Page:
In an early episode of The Office, Jim and Pam discover Michael's secret screenplay - Threat Level Midnight, an action-thriller about a secret agent named Agent Michael Scarn and his pals Catherine Zeta Jones and Samuel L. Chang (aka "Dwigt"). It's a funny one-off joke that occasionally gets referenced later on - but in Michael's final season, the show actually shows the completed version of the movie Michael made over the course of several years.
And here's the problem: it sucks. But not like in the way it sucks because it's poorly written or dumb or whatever - it sucks because it's WAY too well-shot and looks really professionally done. Part of the great comedy of The Office (and of any of Michael's films, aka Great Scott Productions) is how the show understands the characters and how they could realistically get anything accomplished. Stuff like "Lazy Scranton" and Michael's presentation to new CFO David Wallace are perfect - mildly shitty in terms of quality, but clear Michael tried to spend time editing them and making them look as good as his abilities would allow (aka not too much).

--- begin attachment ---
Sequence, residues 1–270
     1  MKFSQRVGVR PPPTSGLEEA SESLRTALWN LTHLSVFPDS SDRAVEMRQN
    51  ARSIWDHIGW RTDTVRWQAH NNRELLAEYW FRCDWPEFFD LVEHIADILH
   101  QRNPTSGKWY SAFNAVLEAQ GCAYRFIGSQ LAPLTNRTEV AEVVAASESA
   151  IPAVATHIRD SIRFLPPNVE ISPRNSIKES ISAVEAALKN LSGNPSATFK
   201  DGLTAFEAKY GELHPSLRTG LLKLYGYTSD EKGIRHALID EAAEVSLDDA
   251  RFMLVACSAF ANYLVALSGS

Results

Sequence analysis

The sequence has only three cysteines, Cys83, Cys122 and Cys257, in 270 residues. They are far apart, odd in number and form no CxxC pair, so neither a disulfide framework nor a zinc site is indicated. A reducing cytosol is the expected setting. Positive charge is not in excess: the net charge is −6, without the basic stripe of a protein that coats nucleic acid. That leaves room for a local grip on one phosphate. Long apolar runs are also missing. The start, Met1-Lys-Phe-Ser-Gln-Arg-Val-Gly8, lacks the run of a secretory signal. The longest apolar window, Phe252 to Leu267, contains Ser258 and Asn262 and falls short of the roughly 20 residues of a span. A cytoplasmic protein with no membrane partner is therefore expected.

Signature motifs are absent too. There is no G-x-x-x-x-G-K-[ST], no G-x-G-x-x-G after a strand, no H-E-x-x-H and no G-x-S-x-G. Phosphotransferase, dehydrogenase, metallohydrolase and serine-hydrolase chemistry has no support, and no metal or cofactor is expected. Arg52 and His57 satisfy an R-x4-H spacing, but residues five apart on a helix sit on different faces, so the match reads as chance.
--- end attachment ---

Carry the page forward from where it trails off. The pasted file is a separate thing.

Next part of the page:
But Threat Level Midnight just looks...great. It looks like it had a Director of Photography and professional cameras and lighting and everything. And that drains away the comedy, because it's clear that Michael Scott simply is not capable of producing something like this.
Let's be clear: we all know Andy got promoted to Manager in season 8 (post-Steve Carell era) because he played by Ed Helms, and Ed Helms had just gotten way famous for starring in The Hangover movies (which were actually really popular, even though they feel like they came out a million years ago). The network wanted to really show off that they had a big movie star on their channel, and so Andy became manager (and weirdly into a poor man's Michael Scott, but that's almost besides the point). The weird thing is....it really didn't make any sense for Andy to become Manager.